MORE RICHARD STRAUSS ON THEARTSDESK

Der Rosenkavalier, Royal Opera (2009). Uneven revival of John Schlesinger’s 25-year-old production

Capriccio, Grange Park Opera (2010). Lively staging, stylish singing and a welcome intrusion of wartime reality

Salome, Royal Opera (2010). Angela Denoke's mercurial Salome (pictured below by Clive Barda) shimmers in Strauss's monstrously beautiful opera

Ariadne auf Naxos, Welsh National Opera (2010). Hoffmansthal's libretto is all about fidelity. This updating is faithful, up to a point

Angela Denoke as Salome at the Royal Opera HouseIntermezzo, Scottish Opera (2011). Soprano Anita Bader graces a Klimtian take on Richard Strauss's domestic comedy

Die Frau ohne Schatten, Mariinsky Opera (2011). Strauss's massive fairy tale makes a rare outing in Gergiev’s musically strong venture at the Edinburgh Festival

Der Rosenkavalier, English National Opera (2012). David McVicar and Edward Gardner deliver a riveting account of Strauss's popular opera with Amanda Roocroft as the Marschallin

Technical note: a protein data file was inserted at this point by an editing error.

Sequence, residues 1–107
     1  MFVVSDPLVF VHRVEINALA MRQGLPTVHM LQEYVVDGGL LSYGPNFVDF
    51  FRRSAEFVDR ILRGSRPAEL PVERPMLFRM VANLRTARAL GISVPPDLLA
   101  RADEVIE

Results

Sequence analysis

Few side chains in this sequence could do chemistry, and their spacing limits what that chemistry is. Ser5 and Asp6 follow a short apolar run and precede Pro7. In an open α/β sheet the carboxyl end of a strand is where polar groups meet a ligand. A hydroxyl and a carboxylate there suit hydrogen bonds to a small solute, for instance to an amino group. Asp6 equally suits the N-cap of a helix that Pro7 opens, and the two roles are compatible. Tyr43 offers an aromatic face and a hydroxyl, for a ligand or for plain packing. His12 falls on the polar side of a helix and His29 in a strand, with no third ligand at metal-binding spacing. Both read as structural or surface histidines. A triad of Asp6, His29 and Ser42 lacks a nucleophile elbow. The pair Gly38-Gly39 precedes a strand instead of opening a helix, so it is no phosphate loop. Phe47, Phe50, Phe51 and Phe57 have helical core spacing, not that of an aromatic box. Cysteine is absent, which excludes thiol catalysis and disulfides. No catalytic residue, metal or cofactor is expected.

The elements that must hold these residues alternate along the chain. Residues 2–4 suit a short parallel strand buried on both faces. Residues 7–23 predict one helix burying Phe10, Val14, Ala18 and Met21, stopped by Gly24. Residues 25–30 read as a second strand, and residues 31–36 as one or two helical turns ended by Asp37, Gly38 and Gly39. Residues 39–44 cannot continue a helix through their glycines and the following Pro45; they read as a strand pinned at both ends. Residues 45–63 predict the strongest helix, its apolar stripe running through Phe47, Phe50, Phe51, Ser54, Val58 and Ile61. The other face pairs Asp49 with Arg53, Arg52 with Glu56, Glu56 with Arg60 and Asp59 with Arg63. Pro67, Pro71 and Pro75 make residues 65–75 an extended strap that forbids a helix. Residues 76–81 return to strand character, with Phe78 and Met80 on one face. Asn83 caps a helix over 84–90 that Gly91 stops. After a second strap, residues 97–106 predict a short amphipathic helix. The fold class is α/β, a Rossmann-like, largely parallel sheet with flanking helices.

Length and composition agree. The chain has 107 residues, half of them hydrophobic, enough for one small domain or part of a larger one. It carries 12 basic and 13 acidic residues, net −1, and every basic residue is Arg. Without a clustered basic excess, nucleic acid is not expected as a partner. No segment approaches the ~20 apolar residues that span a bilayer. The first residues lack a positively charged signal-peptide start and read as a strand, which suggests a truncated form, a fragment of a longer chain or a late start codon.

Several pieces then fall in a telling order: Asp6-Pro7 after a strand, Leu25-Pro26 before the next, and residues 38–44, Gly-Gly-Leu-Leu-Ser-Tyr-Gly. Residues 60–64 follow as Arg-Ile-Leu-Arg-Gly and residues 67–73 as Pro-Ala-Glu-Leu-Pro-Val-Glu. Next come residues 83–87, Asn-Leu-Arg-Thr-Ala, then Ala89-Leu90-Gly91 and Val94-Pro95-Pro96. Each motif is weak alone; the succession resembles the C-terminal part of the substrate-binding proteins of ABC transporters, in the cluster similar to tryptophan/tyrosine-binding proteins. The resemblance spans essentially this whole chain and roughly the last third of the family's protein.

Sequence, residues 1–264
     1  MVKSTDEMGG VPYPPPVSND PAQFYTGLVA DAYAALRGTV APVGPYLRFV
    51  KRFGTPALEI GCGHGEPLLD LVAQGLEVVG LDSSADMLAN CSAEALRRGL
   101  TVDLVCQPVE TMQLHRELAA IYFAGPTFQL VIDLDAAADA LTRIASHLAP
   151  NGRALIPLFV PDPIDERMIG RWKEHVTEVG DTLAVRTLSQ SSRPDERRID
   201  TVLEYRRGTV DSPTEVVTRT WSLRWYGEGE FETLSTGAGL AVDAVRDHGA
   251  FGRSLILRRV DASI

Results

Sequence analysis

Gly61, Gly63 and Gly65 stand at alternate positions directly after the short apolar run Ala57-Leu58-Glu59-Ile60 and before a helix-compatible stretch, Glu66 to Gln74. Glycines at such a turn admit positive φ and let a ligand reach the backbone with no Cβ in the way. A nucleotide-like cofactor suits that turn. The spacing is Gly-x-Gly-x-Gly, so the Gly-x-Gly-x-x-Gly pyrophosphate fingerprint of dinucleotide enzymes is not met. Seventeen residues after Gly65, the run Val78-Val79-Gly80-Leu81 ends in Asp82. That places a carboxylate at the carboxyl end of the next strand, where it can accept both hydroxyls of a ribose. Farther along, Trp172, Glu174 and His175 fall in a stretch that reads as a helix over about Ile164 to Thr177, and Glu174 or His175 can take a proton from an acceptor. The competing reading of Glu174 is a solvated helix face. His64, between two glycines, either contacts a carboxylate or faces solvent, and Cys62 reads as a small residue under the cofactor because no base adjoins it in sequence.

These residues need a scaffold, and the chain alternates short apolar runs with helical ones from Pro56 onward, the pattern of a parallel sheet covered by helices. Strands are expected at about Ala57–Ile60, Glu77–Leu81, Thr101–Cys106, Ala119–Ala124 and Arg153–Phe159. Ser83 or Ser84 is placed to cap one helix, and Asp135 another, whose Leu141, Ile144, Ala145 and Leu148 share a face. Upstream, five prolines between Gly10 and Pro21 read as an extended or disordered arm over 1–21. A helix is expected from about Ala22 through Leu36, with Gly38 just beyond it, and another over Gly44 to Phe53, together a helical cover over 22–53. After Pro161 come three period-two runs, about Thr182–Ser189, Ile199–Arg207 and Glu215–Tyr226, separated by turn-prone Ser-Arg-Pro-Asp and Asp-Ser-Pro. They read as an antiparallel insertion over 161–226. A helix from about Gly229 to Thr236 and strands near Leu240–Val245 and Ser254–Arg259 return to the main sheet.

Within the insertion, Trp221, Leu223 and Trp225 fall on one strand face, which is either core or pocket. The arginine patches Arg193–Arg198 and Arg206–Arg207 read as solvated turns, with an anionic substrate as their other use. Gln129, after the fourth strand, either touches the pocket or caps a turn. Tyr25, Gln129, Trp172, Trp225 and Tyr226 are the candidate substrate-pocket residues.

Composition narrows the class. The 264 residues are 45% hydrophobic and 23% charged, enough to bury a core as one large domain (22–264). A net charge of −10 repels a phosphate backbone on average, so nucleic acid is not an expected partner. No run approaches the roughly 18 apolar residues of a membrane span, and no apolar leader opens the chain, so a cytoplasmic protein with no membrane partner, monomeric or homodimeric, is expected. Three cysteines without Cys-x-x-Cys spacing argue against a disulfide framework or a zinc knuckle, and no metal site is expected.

Intermezzo, Buxton Festival (2012). Fine style in Strauss's comedy-with-feeling

Ariadne auf Naxos, Glyndebourne Festival Opera (2013). Strauss's opera reluctantly enters the Battle of Britain courtesy of a young German director

Capriccio, Royal Opera (2013). Renée Fleming leads superlative cast in concert performance of Strauss's operatic debate

Die Frau ohne Schatten, Royal Opera (2014). Compelling dream-interpretation of Strauss's myth graced by fine singing and Semyon Bychkov’s conducting

Der Rosenkavalier, Glyndebourne (2014). Richard Jones finds new order in rococo comedy for music, with Kate Royal as the Marschallin

Salome, BBC Proms (2014). Nina Stemme stuns with Donald Runnicles and the Deutsche Oper Berlin in a giddying account of Strauss's incredible score at the Proms

Ariadne auf Naxos, Royal Opera (2014). Two nymphs are the real revelation in this revival of evergreen hybrid

Salome, Symphony Hall, Birmingham (2015). Lise Lindstrom steals the show from Karabits and Bournemouth SO as a sensual Strauss anti-heroine in concert

Der Rosenkavalier, Royal Opera (2016). Robert Carsen's handsome production with Renée Fleming is elevated by superb orchestral playing

The final scene where Elektra’s victory stomp can only end in death makes the pulses race and the head spin

rating

Editor Rating: 
4
Average: 4 (1 vote)